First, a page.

September 29, 2011

Wrist pain is common. Wrist pain starts for many reasons including trauma, overuse and disease, but I think we often overlook its importance when there isn’t an obvious injury like a fall. The emphasis for many sports and fitness enthusiasts, both consumers and providers, is on the bigger, perhaps more impressive structures.
Sure, there are many articles on the web about grip strength, and forearm strength, but what I see as missing from many of these articles and blogs is any attention to the ‘non-muscular’ structures, like tendons and fascial integrity of the retinacula. These connecting structures that provide stability and ‘packaging’ for the mobile structures like joints and muscles have an unglamorous image.
Wrist pain is amazingly frustrating to anyone who suffers from it, but especially to the active and fit because it inhibits or prevents almost every they do, from dressing to lifting their favourite weight to leaning on the wrist to perform a press-up or sprint start.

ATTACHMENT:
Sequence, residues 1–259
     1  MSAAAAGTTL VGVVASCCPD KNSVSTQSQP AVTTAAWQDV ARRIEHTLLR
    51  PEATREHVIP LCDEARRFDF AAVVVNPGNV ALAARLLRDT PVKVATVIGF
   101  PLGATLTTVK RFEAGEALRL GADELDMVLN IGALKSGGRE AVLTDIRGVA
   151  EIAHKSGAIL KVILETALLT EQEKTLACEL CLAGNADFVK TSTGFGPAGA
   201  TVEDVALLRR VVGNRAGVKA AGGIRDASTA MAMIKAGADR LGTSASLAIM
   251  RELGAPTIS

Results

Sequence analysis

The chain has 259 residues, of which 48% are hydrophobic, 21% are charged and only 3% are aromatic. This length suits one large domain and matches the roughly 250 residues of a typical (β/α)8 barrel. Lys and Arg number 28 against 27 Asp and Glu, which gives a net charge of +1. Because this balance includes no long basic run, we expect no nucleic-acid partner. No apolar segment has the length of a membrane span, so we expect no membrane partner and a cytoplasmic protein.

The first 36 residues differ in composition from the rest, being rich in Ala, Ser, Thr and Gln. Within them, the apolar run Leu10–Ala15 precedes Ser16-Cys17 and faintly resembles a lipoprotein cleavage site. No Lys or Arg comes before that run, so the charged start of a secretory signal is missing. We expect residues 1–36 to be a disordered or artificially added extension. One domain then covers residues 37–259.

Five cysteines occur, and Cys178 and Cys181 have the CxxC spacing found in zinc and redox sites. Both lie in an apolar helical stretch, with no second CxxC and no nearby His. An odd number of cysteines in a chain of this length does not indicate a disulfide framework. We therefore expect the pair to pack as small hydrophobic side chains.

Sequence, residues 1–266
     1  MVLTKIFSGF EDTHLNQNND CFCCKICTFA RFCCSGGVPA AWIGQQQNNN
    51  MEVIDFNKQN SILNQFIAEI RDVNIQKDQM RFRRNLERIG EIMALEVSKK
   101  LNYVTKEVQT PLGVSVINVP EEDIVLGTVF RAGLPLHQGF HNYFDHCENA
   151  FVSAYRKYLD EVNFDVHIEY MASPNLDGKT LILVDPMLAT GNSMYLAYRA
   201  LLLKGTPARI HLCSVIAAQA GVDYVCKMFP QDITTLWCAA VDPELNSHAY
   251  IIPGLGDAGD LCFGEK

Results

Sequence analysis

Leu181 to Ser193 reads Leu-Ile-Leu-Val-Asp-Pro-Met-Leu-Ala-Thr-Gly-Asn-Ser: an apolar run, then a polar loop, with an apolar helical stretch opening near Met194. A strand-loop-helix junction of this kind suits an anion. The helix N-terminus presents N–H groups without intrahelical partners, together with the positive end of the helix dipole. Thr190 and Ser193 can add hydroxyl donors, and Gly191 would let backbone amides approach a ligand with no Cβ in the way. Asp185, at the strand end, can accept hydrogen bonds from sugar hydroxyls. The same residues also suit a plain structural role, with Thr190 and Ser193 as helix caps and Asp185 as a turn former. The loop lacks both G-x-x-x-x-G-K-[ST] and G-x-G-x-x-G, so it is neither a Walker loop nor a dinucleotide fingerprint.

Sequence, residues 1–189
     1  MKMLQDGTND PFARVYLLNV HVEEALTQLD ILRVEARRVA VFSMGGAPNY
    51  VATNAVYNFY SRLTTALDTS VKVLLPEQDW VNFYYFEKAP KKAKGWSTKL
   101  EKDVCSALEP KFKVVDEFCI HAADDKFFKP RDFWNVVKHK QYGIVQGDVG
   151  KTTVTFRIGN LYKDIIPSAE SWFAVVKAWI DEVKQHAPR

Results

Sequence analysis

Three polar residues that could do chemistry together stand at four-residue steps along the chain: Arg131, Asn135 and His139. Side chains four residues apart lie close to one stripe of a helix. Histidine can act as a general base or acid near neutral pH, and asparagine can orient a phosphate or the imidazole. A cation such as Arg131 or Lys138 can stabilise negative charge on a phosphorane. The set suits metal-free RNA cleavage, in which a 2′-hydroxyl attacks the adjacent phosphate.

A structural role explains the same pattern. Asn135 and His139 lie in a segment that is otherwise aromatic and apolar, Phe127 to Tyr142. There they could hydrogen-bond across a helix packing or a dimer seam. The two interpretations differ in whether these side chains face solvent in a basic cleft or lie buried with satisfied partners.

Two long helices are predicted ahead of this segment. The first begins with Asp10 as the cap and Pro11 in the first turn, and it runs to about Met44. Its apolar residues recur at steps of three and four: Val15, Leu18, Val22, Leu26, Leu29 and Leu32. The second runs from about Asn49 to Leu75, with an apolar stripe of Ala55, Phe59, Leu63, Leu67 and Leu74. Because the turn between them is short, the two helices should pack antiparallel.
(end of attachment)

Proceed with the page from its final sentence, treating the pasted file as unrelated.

One common problem is strain of the ulnar collateral ligament (often called the styloid ligament),  on the outer (ulnar), side of the wrist. It usually starts after overuse or strain of the wrist, perhaps as when over-stretching the grip and especially when cocking the wrist sideways.
You will note that Matt’s wrist, although subject to the stress of an off-centre 44kg load, remains aligned with his forearm and is not deviating to either side.
So, why does this ligament give so much trouble. It is small, short and rather insignificant looking.
The styloid ligament is a rounded cord, attached above to the end of the styloid process of the ulna, and dividing below into two fasciculi, one of which is attached to the medial side of the triquetral bone, the other to the pisiform and flexor retinaculum.